Jump to ContentJump to Main Navigation
Forging Global FordismNazi Germany, Soviet Russia, and the Contest over the Industrial Order$
Users without a subscription are not able to see the full content.

Stefan J. Link

Print publication date: 2020

Print ISBN-13: 9780691177540

Published to Princeton Scholarship Online: May 2021

DOI: 10.23943/princeton/9780691177540.001.0001

Show Summary Details
Page of

PRINTED FROM PRINCETON SCHOLARSHIP ONLINE (www.princeton.universitypressscholarship.com). (c) Copyright Princeton University Press, 2022. All Rights Reserved. An individual user may print out a PDF of a single chapter of a monograph in PRSO for personal use.date: 26 June 2022

Nazi Fordismus

Nazi Fordismus

Chapter:
(p.131) 4 Nazi Fordismus
Source:
Forging Global Fordism
Author(s):

Stefan J. Link

Publisher:
Princeton University Press
DOI:10.23943/princeton/9780691177540.003.0005

This chapter investigates Nazi Germany's efforts to acquire American mass production technology in order to create their own version of Fordism in the Thirties. Unlike the Soviet Union, Germany boasted a highly developed industrial base in its own right, centered around classic producer goods, such as coal, steel, machine tools, and instruments. Though Germany's machine tool builders were a proud and venerable branch with considerable export clout, they were unequipped to supply mass production factories. Acquiring automotive mass production was of neuralgic significance: it not only harbored the potential of a growth-generating consumer and export sector, but it was also — more immediately urgent to the Nazi regime — of primary military-strategic significance. Accordingly, the Nazi regime did not purchase bulk machinery and entire technological systems wholesale, Soviet-style. Instead, it resorted to targeted industrial reconnaissance and the recruitment of American specialists — that is, to Detroit missions such as those of Ferdinand Porsche, Otto Dyckhoff, and William Werner. The Nazi regime ensnared the American multinationals operating in Germany in a web of political pressure and economic incentives, and in doing so found ways to appropriate the Americans' technology without spending significant amounts of US dollars.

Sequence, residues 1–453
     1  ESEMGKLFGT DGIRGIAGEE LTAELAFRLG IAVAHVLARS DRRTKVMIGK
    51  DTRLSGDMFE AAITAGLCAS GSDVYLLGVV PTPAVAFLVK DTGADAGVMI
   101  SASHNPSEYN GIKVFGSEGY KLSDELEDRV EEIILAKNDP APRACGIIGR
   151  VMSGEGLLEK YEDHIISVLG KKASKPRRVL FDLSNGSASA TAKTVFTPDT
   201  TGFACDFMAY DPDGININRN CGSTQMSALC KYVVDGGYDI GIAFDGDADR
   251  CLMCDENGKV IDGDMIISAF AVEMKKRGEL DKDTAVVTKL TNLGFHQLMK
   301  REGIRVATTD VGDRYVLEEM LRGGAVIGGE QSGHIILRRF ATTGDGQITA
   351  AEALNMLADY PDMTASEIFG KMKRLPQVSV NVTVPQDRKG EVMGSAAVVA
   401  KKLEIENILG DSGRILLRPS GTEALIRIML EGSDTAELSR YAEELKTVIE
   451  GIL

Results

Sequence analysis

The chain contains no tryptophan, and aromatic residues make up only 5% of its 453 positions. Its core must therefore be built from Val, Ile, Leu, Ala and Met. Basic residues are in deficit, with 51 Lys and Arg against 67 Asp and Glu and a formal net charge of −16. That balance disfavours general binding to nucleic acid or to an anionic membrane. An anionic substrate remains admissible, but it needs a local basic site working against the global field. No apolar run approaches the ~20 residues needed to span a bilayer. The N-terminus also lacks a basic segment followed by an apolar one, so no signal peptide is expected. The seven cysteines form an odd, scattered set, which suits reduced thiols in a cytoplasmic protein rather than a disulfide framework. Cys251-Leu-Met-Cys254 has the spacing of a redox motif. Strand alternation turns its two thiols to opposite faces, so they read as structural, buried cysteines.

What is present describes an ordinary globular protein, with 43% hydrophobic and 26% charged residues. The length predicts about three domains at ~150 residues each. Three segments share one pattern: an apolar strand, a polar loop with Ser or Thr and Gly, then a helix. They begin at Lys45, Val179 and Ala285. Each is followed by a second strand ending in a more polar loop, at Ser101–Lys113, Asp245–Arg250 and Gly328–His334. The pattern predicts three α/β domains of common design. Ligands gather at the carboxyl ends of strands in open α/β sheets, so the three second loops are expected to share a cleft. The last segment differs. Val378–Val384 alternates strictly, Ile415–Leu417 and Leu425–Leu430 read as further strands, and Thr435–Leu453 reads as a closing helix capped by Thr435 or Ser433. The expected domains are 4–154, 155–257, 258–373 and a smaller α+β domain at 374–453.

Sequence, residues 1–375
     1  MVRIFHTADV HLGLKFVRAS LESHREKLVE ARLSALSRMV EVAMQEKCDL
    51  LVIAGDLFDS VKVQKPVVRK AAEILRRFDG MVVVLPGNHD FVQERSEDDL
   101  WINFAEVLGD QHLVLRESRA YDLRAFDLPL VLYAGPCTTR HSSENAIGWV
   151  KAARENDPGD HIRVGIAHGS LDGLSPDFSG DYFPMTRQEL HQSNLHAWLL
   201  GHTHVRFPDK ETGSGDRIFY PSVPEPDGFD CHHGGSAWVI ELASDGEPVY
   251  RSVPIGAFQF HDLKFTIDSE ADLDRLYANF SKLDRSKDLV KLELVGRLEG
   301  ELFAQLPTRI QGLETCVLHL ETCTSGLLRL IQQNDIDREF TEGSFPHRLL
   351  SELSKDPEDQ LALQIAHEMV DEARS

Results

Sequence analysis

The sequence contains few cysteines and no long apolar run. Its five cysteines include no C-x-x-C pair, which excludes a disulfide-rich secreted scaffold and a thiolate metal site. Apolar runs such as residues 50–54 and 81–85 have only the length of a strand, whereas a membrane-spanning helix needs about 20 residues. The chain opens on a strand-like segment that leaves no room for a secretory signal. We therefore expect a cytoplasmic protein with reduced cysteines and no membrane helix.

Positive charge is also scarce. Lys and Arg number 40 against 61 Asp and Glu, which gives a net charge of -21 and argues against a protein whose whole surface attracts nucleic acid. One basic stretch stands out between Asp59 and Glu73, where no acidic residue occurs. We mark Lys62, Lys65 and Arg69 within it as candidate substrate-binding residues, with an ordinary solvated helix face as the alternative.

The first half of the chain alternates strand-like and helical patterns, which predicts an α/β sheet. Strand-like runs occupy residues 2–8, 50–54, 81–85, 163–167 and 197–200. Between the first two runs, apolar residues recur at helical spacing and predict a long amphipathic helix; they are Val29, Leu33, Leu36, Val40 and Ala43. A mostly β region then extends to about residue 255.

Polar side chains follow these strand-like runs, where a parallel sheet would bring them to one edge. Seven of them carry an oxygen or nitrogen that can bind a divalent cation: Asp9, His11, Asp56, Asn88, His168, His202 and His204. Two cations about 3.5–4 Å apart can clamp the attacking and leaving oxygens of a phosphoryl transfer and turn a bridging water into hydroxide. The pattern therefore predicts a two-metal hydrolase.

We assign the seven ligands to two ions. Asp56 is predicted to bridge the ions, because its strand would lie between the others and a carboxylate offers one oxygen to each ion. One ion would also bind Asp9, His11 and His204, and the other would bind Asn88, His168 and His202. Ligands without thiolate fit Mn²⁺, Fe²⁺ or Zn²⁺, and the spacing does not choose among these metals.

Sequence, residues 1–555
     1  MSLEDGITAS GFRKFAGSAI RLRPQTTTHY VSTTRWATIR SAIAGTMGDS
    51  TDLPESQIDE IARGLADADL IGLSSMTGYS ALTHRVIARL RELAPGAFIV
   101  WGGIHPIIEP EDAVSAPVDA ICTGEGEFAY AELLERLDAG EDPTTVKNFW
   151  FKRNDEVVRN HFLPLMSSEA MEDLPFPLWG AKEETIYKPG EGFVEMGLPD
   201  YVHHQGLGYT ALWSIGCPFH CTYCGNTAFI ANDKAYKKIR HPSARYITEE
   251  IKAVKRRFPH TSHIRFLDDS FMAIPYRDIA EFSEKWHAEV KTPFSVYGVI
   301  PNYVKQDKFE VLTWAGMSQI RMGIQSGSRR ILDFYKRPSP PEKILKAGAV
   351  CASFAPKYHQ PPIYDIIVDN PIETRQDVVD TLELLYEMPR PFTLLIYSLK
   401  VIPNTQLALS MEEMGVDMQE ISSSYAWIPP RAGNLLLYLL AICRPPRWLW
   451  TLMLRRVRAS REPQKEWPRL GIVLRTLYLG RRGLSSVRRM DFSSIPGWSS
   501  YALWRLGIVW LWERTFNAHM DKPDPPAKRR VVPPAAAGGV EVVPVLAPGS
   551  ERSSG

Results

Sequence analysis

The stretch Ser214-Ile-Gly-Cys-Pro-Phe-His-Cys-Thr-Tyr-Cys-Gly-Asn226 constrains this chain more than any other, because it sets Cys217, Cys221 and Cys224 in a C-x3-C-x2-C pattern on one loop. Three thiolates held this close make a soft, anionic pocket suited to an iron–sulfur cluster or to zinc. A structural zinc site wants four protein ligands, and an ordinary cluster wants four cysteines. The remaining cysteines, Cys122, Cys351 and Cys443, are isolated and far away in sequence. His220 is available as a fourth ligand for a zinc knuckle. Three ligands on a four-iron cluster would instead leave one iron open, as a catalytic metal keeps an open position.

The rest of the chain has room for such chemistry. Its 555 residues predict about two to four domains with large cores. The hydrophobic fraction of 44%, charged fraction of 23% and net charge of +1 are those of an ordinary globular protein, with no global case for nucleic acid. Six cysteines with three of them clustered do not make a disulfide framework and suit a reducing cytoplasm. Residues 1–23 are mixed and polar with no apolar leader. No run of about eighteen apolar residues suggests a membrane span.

Keywords:   Nazi Germany, American mass production, Fordism, automotive mass production, Nazi regime, industrial reconnaissance, American multinationals, Ferdinand Porsche, Otto Dyckhoff, William Werner

Princeton Scholarship Online requires a subscription or purchase to access the full text of books within the service. Public users can however freely search the site and view the abstracts and keywords for each book and chapter.

Please, subscribe or login to access full text content.

If you think you should have access to this title, please contact your librarian.

To troubleshoot, please check our FAQs , and if you can't find the answer there, please contact us.